A multicenter prospective study [34] conducted in Japan found that the use of benidipine, a dihydropyridine derivative calcium antagonist, alone or when added to ACE inhibitors reduced BP less than 150/90 mmHg in almost 100% patients within a month which is similar to the findings in our study. It has been reported that treatment of a group of patients with calcium antagonists do not affect urinary protein excretion, although proteinuria is significantly reduced in patients treated with ACE inhibitor. However, it was noted that although CCBs do not affect proteinuria in the treated patients, they could slow down the progression of renal insufficiency while decreasing the BP significantly [32]. Similarly, Zucchelli et al. [35] in their prospective, randomized controlled trial showed the influence of captopril (an ACE inhibitor) and nifedipine (a CCB) on BP, renal insufficiency progression and proteinuria for three consecutive years found that both treatments exhibited similar effects on the progression rate of renal failure with similar reduction in BP seen with no significant reduction in proteinuria. In addition to these results, the Systolic Hypertension in Europe (Syst-Eur) Trial (1999) demonstrated that dihydropyridine-based antihypertensive treatment is particularly beneficial in older diabetic patients with isolated systolic hypertension [36]. Taken together, the results from the current study indicates the good potential of CCBs.

In agreement to our findings, another multicenter trial [37] also indicated a rapid reduction in BP when patients were treated with CCBs. These results further support our point of view that CCBs should be incorporated into the therapy of elderly hypertensive patients with chronic renal insufficiency with careful monitoring of BP. Similarly, CCBs have been found to be effective in cases of renal failure where patients tend to exhibit significant resistance to antihypertensive medications [38]. Moreover, studies in several animal models of progressive renal failure have shown that in addition to their antihypertensive effects, CCBs have other established advantages where like other vasodilating agents, they neither cause sodium and water retention nor hyperkalemia as usually seen with ACE inhibitors administrations [39]. However, at the moment it may not be evidently claimed that the results obtained from the referred animal models could be extrapolated to humans [40].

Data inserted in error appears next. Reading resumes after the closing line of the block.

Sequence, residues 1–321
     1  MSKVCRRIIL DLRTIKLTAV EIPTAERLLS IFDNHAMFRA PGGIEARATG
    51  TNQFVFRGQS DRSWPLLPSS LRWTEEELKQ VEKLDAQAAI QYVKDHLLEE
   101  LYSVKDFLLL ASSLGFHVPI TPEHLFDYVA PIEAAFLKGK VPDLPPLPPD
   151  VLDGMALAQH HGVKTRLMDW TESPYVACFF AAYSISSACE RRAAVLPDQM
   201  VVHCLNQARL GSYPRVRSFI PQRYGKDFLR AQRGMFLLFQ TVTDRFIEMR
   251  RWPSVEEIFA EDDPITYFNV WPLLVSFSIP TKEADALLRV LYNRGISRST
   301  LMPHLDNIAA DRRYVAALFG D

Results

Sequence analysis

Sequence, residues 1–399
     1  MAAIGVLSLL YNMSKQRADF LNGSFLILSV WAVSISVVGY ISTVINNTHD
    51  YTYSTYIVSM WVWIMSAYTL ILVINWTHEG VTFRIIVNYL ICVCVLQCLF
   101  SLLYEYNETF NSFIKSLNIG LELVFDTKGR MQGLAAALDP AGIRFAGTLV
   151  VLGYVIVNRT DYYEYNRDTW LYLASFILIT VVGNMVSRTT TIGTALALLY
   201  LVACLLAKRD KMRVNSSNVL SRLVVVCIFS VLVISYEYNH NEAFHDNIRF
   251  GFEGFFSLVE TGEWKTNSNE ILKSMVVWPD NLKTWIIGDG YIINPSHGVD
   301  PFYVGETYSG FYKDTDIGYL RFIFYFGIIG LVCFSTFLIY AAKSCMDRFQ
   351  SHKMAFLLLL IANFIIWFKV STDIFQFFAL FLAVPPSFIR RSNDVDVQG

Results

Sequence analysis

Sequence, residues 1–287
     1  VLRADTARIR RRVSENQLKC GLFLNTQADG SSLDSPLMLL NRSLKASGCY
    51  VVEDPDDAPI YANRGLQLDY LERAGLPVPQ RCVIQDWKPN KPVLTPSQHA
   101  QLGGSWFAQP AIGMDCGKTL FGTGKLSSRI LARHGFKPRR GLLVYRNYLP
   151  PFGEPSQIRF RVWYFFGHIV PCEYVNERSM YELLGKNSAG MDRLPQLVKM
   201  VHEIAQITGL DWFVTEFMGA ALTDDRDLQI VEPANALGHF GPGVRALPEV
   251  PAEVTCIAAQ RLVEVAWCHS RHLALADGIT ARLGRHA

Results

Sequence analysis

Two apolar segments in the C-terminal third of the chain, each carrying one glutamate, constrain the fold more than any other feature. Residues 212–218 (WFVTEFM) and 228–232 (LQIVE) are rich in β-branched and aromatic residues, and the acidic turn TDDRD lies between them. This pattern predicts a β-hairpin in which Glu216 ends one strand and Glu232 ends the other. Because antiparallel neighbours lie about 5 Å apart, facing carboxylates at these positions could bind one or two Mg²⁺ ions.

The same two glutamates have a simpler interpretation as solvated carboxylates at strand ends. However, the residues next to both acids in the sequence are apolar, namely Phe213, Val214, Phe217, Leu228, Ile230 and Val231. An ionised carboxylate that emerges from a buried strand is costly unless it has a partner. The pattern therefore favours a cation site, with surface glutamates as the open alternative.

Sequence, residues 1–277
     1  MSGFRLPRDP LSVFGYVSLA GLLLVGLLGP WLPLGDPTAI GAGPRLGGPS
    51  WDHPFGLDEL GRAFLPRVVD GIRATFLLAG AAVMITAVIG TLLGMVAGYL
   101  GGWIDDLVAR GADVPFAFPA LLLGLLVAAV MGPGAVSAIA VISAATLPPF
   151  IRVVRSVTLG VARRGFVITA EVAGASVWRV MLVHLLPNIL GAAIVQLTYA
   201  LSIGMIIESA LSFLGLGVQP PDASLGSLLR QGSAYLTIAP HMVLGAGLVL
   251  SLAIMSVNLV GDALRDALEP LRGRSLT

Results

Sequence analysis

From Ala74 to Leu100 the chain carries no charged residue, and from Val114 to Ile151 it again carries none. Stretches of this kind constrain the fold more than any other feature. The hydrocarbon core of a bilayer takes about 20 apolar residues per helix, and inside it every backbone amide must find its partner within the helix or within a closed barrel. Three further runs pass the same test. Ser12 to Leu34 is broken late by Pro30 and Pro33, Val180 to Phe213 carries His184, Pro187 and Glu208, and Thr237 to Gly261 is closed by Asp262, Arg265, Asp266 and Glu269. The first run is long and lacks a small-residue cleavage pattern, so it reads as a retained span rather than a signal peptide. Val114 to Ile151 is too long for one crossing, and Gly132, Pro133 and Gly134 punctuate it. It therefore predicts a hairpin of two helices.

In addition to the above, CCBs are safe and have effective roles in treating or mitigating various complications pertaining to cardiovascular disorders and renal diseases in diabetic patients. For instance, the findings of a placebo-controlled double-blind trial revealed that antihypertensive treatment employing a dihydropyridine CCB indicated some beneficial effects in older diabetic patients as compared to the non-diabetic patients which reject the hypothesis that the use of long- acting CCBs is harmful in older diabetic patients [35].

There was similar reported cardiovascular benefit in patients who receive nitrendipine alone as opposed to the use of either enalapril or hydrochlorothiazide (or both nitrendipine and either enalapril or hydrochlorothiazide) [41]. It has been reported in many outcome trials that the relative benefit of antihypertensive therapy has been similar, but there is a wide difference in the absolute benefit according to the number of outcomes observed in the control group [42]. In a randomized trial [43], it has been reported that patients receiving fosinopril experienced a significantly lower number of acute myocardial infarction or stroke or angina pectoris (14 of 189 patients, vs. 27 of 191 treated with amlodipine). However, this was an open randomized controlled trial and the adverse effects were recorded by asking patients whether they had been hospitalized or had any other discomfort.